David Bourget (Western Ontario)
David Chalmers (ANU, NYU)
Rafael De Clercq
Jack Alan Reynolds
Learn more about PhilPapers
Communication and Cognition 30 (3-4):273-284 (1997)
Our heads are full of representations, according to cognitive science. It might seem inevitable that conscious states are a type of brain-based representation, but in this paper I argue that representation and consciousness each form conceptually distinct domains. Representational content depends on context, usually causal, as shown by familiar cases in which context varies while brain states do not -- twin earth cases and brains-in-vats, for example. But these same cases show that conscious content does not depend on context. The vatted brain, for example, enjoys the same experiences as its in vivo counterpart. The structure of experience -- its parts and their distinctive characters -- is the dynamic structure of the brain, viewed "from within." I call this position methodological phenomenalism (MP), and consider its prospects as a foundation for a science of consciousness. I close with a consideration of MP on the subjective "character" of conscious states. Turning away from representation dissolves the perplexity of subjectivity, leaving hopeful prospects for the scientific study of consciousness
|Keywords||Brain Cognitive Science Consciousness Content Metaphysics|
|Categories||categorize this paper)|
Setup an account with your affiliations in order to access resources via your University's proxy server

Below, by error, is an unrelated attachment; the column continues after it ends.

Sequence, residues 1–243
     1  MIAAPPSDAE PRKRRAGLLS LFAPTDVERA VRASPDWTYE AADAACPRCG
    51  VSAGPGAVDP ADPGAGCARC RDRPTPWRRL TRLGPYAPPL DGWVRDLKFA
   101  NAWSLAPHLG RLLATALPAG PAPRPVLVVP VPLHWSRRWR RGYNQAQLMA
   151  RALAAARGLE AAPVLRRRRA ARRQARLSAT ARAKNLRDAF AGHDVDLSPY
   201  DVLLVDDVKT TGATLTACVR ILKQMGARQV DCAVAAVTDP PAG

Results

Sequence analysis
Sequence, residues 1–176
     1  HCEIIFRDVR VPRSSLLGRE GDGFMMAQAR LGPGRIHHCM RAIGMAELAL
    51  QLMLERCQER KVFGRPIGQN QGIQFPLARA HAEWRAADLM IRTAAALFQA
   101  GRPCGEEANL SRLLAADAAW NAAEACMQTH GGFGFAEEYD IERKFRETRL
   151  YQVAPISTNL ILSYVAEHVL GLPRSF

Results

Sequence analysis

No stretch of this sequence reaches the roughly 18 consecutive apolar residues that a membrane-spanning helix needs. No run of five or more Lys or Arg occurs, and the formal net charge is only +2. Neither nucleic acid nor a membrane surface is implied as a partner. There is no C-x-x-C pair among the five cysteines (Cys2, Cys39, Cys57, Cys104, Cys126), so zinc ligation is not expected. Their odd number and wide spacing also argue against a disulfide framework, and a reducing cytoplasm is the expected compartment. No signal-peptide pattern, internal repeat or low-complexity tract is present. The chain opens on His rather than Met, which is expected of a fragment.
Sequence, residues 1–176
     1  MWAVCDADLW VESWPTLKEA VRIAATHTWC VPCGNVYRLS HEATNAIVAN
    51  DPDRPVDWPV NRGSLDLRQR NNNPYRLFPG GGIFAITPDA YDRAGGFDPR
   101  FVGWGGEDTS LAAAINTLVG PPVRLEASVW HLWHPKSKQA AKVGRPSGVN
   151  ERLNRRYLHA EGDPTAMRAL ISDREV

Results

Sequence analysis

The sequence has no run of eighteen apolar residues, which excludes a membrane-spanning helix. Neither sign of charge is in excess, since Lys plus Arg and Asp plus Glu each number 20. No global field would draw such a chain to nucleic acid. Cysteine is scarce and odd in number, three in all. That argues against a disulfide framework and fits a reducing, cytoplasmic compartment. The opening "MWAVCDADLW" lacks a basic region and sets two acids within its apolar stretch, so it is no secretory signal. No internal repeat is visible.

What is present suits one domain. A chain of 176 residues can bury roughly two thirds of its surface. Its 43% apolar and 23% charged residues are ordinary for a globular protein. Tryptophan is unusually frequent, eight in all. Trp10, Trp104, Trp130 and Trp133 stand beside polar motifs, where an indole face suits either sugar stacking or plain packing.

Configure custom proxy (use this if your affiliation does not provide a proxy)
|Through your library|
References found in this work BETA
No references found.
Citations of this work BETA
No citations found.
Similar books and articles
Max Velmans (2001). A Natural Account of Phenomenal Consciousness. Communication and Cognition 34 (1):39-59.
Paul L. Nunez (2010). Brain, Mind, and the Structure of Reality. Oxford University Press.
Andrew R. Bailey (2007). Representation and a Science of Consciousness. Journal of Consciousness Studies 14 (1):62-76.
Antti Revonsuo (1993). Is There a Ghost in the Cognitive Machinery? Philosophical Psychology 6 (4):387-405.
Peter G. Grossenbacher (ed.) (1997). Finding Consciousness in the Brain: A Neurocognitive Approach. John Benjamins.
Denise Gamble (1997). P-Consciousness Presentation/a-Consciousness Representation. Behavioral and Brain Sciences 20 (1):149-150.
Dan Lloyd (1999). Consciousness Should Not Mean, but Be. Behavioral and Brain Sciences 22 (1):158-159.
Timo Järvilehto (2001). Feeling as Knowing--Part II: Emotion, Consciousness and Brain Activity. Consciousness and Emotion. Special Issue 2 (1):75-102.
David J. Chalmers (2004). How Can We Construct a Science of Consciousness? In Michael S. Gazzaniga (ed.), The Cognitive Neurosciences Iii. Mit Press. 1111--1119.
Added to index2009-01-28
Total downloads21 ( #92,945 of 1,410,450 )
Recent downloads (6 months)8 ( #28,482 of 1,410,450 )
How can I increase my downloads?